Thanks to an executive order from President Donald Trump, the U.S. is strengthening its cybersecurity defenses.

Government Security News advises that: “James Carder, the chief information security officer for LogRhythm, said the executive order encompasses many of the recommendations his firm makes to its clients. In particular, Carder, who has nearly 20 years of experience in IT security consulting, said he was pleased that Trump’s directive includes language for funding the improvements and holding officials responsible.

“It’s about time the government and critical infrastructure organizations take cybersecurity seriously,” Carder said. “Protecting these assets is imperative to protecting the American people and our way of life.”

Doug Bedell — May 11, 2017, 3:26 pm

NTT Security Provides a ‘Global Cyber Threat’ Report

How to stay “heads up” with the latest cyber security risks, especially when they’re growing? That’s not an easy question for an assured answer, but Security InfoWatch tries its best, and helpfully.

“Despite the grim outlook,” InfoWatch notes, “”there’s also a great deal of research being done on various cyber crime trends to help keep cybersecurity professionals well-informed on the threat landscape. NTT Security’s recently published “2017 Global Threat Intelligence Report” provides a wealth of data points on the aforementioned cyber threats and how hackers continue to vary their tactics…”

And here’s a link to NTT Security’s report.

Doug Bedell — May 7, 2017, 8:50 pm

Beware What You Think You See If You’re Meddling In Security

On DarkReading, Joshua Goldfarb provides a meditation on rushing to judgement and/or mocking the makers of mistakes. “Do you think that if someone were to mock me,” Joshua asks, “it would make me feel better about the mistake I’ve made, or somehow encourage me to learn from it?”

Just the opposite. “Mocking people causes them to dig in deeper, and to avoid listening to anything the mocker says at all costs.”

It’s like a bird that can’t see anything through a window, only a reflection of itself.

Doug Bedell — May 5, 2017, 9:39 am

Robots, Too, Can Be Subject to Hacking

We’ve been noting the arrival of industrial and security robots, but as with their human counterparts, they’re not without problems. DarkReading reports on how researchers hacked an industrial robot, causing it to draw a “slightly skewed” line when the mechanism thought it was a perfectly straight one.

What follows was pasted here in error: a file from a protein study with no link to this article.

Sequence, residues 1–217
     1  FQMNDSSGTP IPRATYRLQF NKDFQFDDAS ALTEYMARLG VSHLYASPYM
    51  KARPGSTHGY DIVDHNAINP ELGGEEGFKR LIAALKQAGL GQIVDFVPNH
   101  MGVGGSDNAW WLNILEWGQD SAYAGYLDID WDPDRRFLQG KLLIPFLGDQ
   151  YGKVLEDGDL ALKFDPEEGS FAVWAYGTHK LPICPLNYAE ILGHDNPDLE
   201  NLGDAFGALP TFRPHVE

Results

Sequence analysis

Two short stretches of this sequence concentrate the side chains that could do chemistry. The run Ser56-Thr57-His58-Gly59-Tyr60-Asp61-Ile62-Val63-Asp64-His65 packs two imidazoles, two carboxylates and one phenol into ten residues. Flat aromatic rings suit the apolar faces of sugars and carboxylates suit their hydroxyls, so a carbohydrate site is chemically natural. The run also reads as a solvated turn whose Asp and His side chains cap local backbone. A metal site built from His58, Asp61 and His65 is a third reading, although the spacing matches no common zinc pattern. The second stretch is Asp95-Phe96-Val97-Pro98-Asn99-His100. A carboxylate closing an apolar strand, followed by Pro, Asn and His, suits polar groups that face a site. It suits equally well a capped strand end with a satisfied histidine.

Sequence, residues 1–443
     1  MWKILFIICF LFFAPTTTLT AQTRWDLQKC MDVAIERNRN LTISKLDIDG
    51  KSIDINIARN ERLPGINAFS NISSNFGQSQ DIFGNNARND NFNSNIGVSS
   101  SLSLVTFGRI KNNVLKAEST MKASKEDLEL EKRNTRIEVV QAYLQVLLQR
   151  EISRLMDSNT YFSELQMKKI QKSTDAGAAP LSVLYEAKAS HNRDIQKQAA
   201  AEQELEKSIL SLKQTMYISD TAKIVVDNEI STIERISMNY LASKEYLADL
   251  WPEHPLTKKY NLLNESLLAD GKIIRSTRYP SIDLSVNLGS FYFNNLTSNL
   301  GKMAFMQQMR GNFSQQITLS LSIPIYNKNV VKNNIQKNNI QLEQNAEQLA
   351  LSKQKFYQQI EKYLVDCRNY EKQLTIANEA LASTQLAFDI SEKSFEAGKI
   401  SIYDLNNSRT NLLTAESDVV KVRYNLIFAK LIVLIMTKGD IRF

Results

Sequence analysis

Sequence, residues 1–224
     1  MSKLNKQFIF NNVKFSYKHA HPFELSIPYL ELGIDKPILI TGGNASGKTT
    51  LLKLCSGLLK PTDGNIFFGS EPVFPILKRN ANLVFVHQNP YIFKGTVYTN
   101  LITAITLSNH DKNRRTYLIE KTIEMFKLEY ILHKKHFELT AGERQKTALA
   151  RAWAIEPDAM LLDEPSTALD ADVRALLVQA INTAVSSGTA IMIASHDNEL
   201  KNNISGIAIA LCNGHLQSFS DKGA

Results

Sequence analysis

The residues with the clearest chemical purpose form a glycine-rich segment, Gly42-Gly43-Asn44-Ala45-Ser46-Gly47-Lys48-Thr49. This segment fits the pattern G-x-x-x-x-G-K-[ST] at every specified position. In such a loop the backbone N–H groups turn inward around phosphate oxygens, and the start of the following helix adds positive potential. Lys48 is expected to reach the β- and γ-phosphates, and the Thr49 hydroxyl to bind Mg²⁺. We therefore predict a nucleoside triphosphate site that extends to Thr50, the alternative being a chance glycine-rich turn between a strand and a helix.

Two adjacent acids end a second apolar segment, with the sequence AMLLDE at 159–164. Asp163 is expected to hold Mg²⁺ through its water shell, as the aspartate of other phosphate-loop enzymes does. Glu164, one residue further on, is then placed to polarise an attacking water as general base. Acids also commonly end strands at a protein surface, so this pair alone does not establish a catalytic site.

The robot’s “straight line” was off by off by only two milimeters. But, notes Dark Reading’s source, “It made a defect in manufacturing. If that was an airplane…it can be a catastrophic event.” So, a timely question – How do you assuredly hold robots to the straight and narrow?

Doug Bedell — May 3, 2017, 8:59 am

Beware: Small Businesses Subject To Hacking Too

Big businesses or small – both sizes are subject to cyber security attacks. There’s no safety in smugness for either size.

Security Infowatch warns that “Many small businesses fall under the false impression that criminals will only target large or even medium-sized businesses given the higher potential pay out; however, nearly half of all cyber-attacks target small organizations.” There’s a lot more of pertinence (for small businesses especially) in this very helpful post…

Doug Bedell — May 1, 2017, 9:56 pm

‘Penetration Testers’ Can Readily Check Your Security

If you have any doubts about the effectiveness of the security measures you’ve taken at your workplace – and you should have, actually – consider hiring or retaining penetration testers – or “pentesters” for short. That’s the advice of SecurityInfoWatch in a post, “Inside the Mind of Hackers”. This holds for both perimeter and digital security, though InfoWatch is concerned primarily about computer hackers.

From the work of Australia-based cyber security firm Nuix, InfoWatch quotes insights from a survey of penetration testers – good guys who think like bad guys – who make computer hacking sound like a vainglory affair, which it indeed is. There’s pride, after all, in breaking in quickly.

As to protecting a physical perimeter and entryways, ProBarrier Engineering is similarly proud of its own abilities on behalf of clients.